Although their architectural impact can only be fully appreciated from the air or out at sea, the 28 houses that comprise Lewes Crescent nevertheless provide a fine vista from almost any direction. The houses step up the slope in groups of three with Corinthian pilasters on the first of each group, though No 7 has lost its acanthus leaves. The balconies similarly step up by the height of the railings every third house. This simple and logical idea contributes greatly to the unfolding drama of the estate.
The two sides of the crescent are broadly similar architecturally, except that more of the houses on the eastern arm have porches, some of them with glazed verandas overhead. Only Nos 1 and 2 (the Devonshire houses) on the western arm have porches. There also seems to be a missing house (No 15) on the eastern arm; the answer is that it was subsumed into the very extensive No 16 in the early 1900s.
The 6th Duke of Devonshire purchased the shell or carcass of No 1 in 1829. It is the fulcrum of Lewes Crescent and Chichester Terrace and the Duke described it as being like a ‘fan without a handle’. The shape may be irregular but the interior of the house is magnificent with fine painted ceilings, an elegant cantilevered staircase with a dial of the gilded weathervane on the roof halfway up it.
In a book published privately in 1845, the Duke vividly describes the experience of living for so many seasons effectively on a building site surrounded by scaffolding. Notwithstanding these inconveniences, a succession of crowned heads of state visited the house in the 1850s. So did Metternich, the Austrian Chancellor, and Landseer, Thackeray and Lord Palmerston.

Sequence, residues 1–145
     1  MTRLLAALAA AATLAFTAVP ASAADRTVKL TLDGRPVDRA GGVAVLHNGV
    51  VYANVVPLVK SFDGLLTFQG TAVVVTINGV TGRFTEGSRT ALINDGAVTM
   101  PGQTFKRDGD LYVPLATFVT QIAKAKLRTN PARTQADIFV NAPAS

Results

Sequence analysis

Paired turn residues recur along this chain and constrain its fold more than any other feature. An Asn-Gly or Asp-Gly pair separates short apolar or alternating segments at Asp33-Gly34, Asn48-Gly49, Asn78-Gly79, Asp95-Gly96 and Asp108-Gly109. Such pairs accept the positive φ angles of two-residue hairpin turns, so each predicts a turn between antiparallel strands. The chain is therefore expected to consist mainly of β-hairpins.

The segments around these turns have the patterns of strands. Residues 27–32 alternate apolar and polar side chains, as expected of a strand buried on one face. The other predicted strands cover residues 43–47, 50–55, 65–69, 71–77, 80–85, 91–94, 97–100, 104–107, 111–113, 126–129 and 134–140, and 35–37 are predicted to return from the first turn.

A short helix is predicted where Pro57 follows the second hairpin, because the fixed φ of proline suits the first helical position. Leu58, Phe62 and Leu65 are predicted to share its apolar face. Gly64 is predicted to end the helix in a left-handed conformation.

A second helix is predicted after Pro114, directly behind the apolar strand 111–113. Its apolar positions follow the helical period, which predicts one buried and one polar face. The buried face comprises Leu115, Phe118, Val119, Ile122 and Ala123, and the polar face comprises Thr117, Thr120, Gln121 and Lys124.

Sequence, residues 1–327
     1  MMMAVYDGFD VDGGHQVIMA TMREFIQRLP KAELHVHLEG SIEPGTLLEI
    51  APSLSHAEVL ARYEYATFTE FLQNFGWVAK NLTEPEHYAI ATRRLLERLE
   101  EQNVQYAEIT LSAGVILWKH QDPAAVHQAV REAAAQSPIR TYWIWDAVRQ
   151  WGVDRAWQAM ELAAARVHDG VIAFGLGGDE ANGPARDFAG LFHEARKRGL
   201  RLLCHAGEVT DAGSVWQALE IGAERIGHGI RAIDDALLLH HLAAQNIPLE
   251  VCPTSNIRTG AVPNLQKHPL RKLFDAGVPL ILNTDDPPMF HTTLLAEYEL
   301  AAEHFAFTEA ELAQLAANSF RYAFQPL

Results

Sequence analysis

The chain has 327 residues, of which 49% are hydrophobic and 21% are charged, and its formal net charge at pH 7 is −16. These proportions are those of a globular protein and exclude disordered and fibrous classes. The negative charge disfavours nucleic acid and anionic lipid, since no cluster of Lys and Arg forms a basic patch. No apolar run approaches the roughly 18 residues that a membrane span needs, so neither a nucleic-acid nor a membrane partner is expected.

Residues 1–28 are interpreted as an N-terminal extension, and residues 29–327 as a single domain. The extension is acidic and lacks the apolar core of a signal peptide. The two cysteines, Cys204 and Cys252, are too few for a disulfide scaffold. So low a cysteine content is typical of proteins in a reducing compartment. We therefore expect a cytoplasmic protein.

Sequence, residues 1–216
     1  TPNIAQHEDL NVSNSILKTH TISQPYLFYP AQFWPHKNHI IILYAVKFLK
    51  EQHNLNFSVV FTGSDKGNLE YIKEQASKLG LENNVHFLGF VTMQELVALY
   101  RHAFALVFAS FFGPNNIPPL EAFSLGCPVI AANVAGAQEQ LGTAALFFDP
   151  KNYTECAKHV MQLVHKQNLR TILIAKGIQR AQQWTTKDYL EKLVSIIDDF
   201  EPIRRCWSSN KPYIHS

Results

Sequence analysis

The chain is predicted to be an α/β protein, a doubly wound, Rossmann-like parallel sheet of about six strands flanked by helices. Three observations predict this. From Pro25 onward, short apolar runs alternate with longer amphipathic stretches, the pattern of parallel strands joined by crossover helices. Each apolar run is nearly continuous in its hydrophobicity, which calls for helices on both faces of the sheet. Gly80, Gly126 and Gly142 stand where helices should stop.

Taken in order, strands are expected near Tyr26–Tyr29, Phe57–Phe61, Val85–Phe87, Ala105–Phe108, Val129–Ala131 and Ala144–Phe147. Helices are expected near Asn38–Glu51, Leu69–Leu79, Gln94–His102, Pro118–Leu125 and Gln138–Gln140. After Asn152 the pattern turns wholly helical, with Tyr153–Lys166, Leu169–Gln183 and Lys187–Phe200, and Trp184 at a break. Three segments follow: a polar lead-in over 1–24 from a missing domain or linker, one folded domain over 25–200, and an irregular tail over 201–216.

No1 later became known as Fife House after Edward VII’s daughter who married the Duke of Fife. The King visited many times and famously convalesced there with his daughter in February 1908. The Enclosures Committee wrote to all residents asking them to refrain from using the Gardens so that the King might enjoy exclusive rights.
For more information see House History
Roedean School started life as Wimbledon House School in 1885 at No 25 and three years later took over No 26 as well (in 1890 it moved to 43-37 Sussex Square). No 16 was also a a school, the Junior Department of Brighton College, from 1918-40, prior to which it had been a military hospital in the First World War. The plaque on No 18 commemorates the actress Anna Neagle, who lived there with her producer husband Herbert Wilcox from 1953-69. Lord Elwyn-Jones, a prosecutor at Nuremburg and Lord Chancellor in the 1970s, lived at No 17. More recently, in the early 2000s, the Australian actress Cate Blanchett and her family lived at No 23.